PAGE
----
I'm working on a password brute-forcer that takes in a password from the user and brute-forces solutions until it finds a match. I was wondering if there is any way to improve performance or readability?

import itertools
import time

Alphabet = ("abcdefghijklmnopqrstuvwxyzABCDEFGHIJKLMNOPQRSTUVWXiuYZ1234567890-_.")

start = time.time()

counter = 1

CharLength = 1

for CharLength in range(25):

passwords = (itertools.product(Alphabet, repeat = CharLength))

print("\n")

print("Currently working on passwords with ", CharLength, " characters.")
print("We are currently at ", (counter / (time.time() - start)), "attempts per second.")
print("It has been ", time.time() - start, " seconds.")
print("We have tried ", counter, " possible passwords.")

counter += 1

i = str(i)

i = i.replace("[", "")
i = i.replace("]", "")
i = i.replace("'", "")
i = i.replace(" ", "")
i = i.replace(",", "")
i = i.replace("(", "")
i = i.replace(")", "")

end = time.time()

timetaken = end - start

print("\nPassword found in ", timetaken, " seconds and ", counter, "attempts.")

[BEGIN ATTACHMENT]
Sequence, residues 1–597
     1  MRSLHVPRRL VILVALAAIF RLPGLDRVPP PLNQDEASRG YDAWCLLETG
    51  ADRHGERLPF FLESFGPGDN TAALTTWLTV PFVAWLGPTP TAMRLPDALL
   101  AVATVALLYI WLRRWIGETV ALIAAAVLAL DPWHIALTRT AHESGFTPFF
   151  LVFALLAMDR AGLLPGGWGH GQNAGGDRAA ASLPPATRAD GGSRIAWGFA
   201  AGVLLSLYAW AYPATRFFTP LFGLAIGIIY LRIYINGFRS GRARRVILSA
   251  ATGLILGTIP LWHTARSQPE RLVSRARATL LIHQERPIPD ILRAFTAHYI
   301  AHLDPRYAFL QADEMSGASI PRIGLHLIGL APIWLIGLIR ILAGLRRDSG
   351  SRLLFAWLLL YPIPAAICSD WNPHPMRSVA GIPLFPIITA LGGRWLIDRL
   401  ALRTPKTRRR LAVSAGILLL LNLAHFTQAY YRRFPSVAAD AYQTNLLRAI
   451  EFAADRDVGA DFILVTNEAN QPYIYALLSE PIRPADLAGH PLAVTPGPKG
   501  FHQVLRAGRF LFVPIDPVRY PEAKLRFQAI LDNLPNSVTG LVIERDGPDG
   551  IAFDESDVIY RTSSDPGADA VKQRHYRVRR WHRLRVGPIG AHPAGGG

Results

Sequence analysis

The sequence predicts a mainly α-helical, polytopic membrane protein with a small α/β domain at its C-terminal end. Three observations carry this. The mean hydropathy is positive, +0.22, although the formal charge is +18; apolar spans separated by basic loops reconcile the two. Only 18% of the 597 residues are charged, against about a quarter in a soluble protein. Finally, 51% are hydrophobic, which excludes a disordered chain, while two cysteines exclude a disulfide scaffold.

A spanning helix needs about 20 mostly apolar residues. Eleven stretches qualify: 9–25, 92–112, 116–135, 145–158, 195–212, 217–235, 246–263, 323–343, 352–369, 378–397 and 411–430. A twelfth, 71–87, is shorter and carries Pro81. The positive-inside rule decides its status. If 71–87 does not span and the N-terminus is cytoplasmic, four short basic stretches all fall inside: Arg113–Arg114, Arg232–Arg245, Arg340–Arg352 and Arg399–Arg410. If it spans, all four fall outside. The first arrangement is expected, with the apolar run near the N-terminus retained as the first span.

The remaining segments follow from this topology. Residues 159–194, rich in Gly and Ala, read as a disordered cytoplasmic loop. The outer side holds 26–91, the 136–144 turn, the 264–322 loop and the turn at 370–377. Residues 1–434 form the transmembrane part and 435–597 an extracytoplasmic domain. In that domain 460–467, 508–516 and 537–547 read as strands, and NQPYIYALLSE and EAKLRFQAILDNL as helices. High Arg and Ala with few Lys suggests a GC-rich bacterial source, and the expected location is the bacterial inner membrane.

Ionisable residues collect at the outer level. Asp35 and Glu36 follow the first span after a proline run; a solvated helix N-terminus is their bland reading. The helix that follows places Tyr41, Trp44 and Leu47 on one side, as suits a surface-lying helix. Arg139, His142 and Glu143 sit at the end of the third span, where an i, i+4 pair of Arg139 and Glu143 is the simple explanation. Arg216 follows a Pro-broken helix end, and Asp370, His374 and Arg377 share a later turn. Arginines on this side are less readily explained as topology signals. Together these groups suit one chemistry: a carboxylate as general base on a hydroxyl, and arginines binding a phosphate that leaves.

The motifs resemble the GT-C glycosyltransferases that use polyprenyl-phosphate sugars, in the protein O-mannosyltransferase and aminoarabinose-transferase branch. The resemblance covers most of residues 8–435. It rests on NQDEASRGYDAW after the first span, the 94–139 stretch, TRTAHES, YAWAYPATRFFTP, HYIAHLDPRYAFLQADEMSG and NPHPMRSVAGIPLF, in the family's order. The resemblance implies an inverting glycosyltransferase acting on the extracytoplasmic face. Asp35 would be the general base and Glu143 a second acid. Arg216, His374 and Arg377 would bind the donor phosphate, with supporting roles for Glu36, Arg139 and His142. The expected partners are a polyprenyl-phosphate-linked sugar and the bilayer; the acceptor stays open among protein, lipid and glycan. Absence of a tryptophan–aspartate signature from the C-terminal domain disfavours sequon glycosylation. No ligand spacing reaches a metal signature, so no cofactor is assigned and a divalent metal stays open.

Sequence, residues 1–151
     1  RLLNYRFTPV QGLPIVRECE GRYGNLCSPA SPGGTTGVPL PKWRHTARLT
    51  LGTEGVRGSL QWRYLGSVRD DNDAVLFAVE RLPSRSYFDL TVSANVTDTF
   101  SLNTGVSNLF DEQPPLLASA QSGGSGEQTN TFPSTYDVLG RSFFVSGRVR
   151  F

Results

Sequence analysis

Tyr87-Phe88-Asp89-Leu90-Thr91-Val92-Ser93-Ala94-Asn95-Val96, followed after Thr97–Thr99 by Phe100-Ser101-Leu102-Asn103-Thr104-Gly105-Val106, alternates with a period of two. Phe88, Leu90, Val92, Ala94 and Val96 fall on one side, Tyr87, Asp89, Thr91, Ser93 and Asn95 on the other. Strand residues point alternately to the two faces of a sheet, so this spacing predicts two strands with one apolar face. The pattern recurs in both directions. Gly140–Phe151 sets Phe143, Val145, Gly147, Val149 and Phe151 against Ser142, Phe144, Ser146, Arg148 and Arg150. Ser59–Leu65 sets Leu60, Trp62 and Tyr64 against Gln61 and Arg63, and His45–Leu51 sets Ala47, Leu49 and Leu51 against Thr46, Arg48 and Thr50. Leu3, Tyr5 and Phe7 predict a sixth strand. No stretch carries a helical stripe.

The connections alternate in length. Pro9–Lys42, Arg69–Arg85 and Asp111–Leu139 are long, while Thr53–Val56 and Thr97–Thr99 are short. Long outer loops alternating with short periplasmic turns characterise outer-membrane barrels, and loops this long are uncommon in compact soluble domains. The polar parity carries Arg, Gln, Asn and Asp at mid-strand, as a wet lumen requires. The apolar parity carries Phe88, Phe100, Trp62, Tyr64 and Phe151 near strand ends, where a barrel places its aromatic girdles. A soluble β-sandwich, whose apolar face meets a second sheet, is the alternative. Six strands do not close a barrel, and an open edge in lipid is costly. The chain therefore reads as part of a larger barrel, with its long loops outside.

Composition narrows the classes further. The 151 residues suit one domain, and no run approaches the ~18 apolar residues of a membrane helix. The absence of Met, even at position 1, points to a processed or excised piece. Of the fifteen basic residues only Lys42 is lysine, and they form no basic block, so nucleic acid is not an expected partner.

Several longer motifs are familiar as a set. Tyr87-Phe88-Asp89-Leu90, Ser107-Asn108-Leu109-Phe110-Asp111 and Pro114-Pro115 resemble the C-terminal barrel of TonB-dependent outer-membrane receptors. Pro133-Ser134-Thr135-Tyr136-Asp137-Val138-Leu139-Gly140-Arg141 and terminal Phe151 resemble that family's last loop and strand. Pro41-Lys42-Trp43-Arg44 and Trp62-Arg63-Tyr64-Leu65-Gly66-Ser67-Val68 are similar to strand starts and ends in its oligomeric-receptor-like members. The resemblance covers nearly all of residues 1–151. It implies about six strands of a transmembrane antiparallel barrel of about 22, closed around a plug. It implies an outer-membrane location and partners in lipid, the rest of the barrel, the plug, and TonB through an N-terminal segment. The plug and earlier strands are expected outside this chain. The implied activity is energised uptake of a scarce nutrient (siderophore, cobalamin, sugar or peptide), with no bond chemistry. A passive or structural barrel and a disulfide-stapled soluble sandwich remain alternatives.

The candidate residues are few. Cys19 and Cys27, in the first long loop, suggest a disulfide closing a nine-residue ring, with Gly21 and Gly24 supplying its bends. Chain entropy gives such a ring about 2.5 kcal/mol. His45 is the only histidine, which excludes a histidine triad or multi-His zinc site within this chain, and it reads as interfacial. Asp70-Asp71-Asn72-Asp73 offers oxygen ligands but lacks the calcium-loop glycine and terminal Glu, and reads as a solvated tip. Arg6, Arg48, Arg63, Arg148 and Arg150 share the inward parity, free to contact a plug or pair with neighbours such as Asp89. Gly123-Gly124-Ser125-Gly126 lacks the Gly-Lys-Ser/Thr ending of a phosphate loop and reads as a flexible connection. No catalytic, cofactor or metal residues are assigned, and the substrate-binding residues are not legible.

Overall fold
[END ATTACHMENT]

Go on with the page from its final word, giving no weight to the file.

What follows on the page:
print("That is ", counter / timetaken, " attempts per second.")

print("\nThe password is \"%s\"." % i)

input("\nPress enter when you have finished.")

exit()


Thanks.

• What would this code be used for? It asks for the plain text password, not a hash, and just iterates over all possible strings of length 0 through 24 until it matches what it already knows. – l0b0 Oct 15 '18 at 3:02
• @l0b0 I'll later implement some sort of web form functionality. – Michael O'Connell Oct 20 '18 at 19:04

1. It would benefit from being run through pycodestyle, flake8 and/or similar tools to be more idiomatic. This would make the code easier to read for anyone familiar with Python.
2. Timing code should not be part of your program. External tools like time can handle that.
3. Use argparse rather than input to make the program scriptable. The script should not stop anywhere to ask for input.
4. The Alphabet and 25 in this code are good candidates for configuration or parameters.